Earlier this year William Xia, owner of Sourdough Cafe in Sydney, decided to do away with surcharges and minimum spend rules for card payments.
Four months later he’s absorbing the cost of processing an increasing amount of card payments, but has no regrets — sales are up and business is good.
“We have a lot more customers coming back to us,” Xia tells SmartCompany.
“Before, customers walked away so many times, and they didn’t come back … [now] we have a lot more customers coming back to us.”
After ditching the minimum, Xia explains cash has quickly become the exception rather than the rule at his cafe, with payments via phones and smartwatches becoming particularly popular in recent months.
“I wear a smartwatch, and I didn’t even know you could do that,” he says.
Xia is one of more than 500 small business owners who have ditched card surcharges and minimum spend requirements in recent months as part of a national campaign organised by finder.com.au.
Launched last month, the fee-free shop campaign has been designed as a push to get businesses on board with cheap and easy digital payments, amid an explosion in digital payments technology.
A Finder survey of 2,012 Australians recently found 94% think card surcharges are a rip-off, while more than two-thirds (68%) said they’d back out of a purchase if they discovered a surcharge.
As University of Tasmania retail expert Louise Grimmer explains, consumers are demanding better payment terms as not carrying cash becomes more common.
“When there were more of us using cash, businesses were able to charge a surcharge and on the whole many customers didn’t complain,” she tells SmartCompany.
“Now that most people don’t want to pay with cash … they expect to be able to pay with credit or debit card wherever they do business [and] the practice of charging a surcharge is seen as redundant.”
Business bears the burden
But as customers vote with their feet, small business owners are being asked to absorb card processing costs.
The Reserve Bank (RBA) estimates it costs merchants about 0.5% of a purchase to accept debit cards, 1-1.5% for credit cards and about 2-3% for American Express.
Xia says he’s paying about 1-1.4% of a $3 coffee in merchant fees, which he concedes is an impost on business.
“I see it as a balance … everyone is going digital and if we didn’t do it we’d fall behind,” Xia says.
Xia believes he’s made up for the increased costs with higher sales, having used the policy change as an opportunity to update his businesses’ payment systems.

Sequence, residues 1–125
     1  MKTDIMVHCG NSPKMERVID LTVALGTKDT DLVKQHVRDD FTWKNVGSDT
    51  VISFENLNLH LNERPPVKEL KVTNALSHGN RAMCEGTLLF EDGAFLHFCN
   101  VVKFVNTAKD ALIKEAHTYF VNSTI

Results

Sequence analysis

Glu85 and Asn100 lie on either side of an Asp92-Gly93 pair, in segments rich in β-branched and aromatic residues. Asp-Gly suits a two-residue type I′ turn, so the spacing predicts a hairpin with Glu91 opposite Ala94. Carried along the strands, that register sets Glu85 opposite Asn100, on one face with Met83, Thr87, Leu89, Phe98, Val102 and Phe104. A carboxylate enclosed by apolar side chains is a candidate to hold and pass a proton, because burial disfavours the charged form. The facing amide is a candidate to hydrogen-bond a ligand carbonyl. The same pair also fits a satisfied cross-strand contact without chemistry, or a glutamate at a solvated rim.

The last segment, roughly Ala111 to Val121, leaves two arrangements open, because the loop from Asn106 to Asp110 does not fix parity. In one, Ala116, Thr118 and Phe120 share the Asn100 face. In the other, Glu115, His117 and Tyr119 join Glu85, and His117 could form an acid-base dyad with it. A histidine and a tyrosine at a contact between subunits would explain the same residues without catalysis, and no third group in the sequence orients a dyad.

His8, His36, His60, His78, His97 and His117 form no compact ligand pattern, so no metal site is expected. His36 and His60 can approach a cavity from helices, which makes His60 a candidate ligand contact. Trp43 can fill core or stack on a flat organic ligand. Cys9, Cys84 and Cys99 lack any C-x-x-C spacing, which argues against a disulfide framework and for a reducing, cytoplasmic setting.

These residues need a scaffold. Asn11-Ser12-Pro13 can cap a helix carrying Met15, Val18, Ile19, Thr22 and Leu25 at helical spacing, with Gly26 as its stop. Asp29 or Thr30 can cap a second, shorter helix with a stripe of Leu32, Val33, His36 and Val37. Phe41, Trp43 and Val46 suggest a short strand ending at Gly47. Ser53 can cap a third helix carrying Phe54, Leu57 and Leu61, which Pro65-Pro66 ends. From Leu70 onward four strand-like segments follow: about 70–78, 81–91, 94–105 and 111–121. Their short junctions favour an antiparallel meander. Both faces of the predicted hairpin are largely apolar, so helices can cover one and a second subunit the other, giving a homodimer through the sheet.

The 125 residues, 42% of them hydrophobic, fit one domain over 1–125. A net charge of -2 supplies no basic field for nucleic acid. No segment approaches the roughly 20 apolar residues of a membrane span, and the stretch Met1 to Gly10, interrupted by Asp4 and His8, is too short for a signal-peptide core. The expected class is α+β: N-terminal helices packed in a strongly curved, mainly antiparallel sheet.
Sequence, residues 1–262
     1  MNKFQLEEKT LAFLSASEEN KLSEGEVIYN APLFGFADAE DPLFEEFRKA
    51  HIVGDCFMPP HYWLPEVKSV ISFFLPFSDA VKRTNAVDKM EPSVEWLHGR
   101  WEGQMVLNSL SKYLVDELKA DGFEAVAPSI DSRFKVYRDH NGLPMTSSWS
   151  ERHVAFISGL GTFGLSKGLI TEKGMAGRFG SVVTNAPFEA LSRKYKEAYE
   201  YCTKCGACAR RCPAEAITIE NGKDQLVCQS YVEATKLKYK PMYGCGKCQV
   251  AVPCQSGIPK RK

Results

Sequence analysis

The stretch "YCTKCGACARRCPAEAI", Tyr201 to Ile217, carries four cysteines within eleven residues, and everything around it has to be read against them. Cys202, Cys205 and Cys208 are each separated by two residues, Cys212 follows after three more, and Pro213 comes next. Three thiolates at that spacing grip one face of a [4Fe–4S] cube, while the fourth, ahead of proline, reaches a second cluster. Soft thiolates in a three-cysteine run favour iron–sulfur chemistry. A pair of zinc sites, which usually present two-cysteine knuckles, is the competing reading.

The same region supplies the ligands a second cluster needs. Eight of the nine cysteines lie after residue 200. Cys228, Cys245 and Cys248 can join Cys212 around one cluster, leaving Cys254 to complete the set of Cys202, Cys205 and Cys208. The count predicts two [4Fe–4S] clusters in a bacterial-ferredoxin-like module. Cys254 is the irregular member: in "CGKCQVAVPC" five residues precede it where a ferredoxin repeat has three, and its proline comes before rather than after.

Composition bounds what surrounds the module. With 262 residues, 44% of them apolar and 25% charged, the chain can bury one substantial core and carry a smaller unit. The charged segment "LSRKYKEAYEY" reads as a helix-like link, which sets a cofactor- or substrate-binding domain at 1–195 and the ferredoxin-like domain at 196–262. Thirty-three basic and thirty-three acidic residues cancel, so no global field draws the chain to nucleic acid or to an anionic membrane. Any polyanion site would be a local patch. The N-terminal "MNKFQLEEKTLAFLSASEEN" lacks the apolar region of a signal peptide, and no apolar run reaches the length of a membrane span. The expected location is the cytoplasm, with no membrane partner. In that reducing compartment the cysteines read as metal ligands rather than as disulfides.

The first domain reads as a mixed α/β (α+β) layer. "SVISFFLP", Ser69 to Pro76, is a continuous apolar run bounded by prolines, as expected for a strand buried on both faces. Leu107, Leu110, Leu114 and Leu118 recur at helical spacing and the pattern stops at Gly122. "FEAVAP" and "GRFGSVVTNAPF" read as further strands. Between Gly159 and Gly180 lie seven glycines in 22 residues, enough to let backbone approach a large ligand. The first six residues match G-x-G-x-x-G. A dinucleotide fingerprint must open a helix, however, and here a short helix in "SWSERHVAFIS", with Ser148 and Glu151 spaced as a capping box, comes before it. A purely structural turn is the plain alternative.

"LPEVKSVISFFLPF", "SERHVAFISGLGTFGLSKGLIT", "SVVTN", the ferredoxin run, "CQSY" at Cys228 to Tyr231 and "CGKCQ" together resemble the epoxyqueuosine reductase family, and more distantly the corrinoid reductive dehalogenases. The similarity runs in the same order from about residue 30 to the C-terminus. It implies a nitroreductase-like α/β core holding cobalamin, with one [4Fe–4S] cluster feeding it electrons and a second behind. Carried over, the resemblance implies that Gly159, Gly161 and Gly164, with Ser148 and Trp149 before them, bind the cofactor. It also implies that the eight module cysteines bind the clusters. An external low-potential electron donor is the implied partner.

The new technology has eliminated other costs, such as receipt printing.
“We were printing out thousands of receipts [each day], then we realised we could work around it and not print them,” he says.
Regulation changes the game
For Xia, making it easier for customers has been seen as a response to competitive pressures, but for others, it’s been a costly exercise in regulatory compliance.
Last year new regulations came into effect which made it illegal for businesses to charge customers surcharges that exceeded the cost of processing card payments.
The change has caught out a series of well-known brands.
Last month Fitness First paid a $12,600 fine after being issued with an infringement notice by the Australian Competition and Consumer Commission (ACCC) over its surcharge policies.
Others, such as Naomi Simson’s Red Balloon, have also been caught out, with the ACCC revealing earlier this year it has received over 3000 complaints about excessive surcharges since the rules came into effect.
Finder estimates surcharges for coffee purchased alone are collectively costing Australians $100 million each year, a figure it hopes to decrease with its campaign.
Despite concern business is getting the short end of the stick, Xia is encouraging others to jump onboard as cash becomes less prevalent.
He explains customers are leading the way, and business needs to follow.
“As a business owner, I want to encourage others.”
A spokesperson for American Express said that its merchant fees have recently been reduced to 1.5-2%.
This article was updated at 12:30PM on September 3 to include additional information about American Express merchant fees.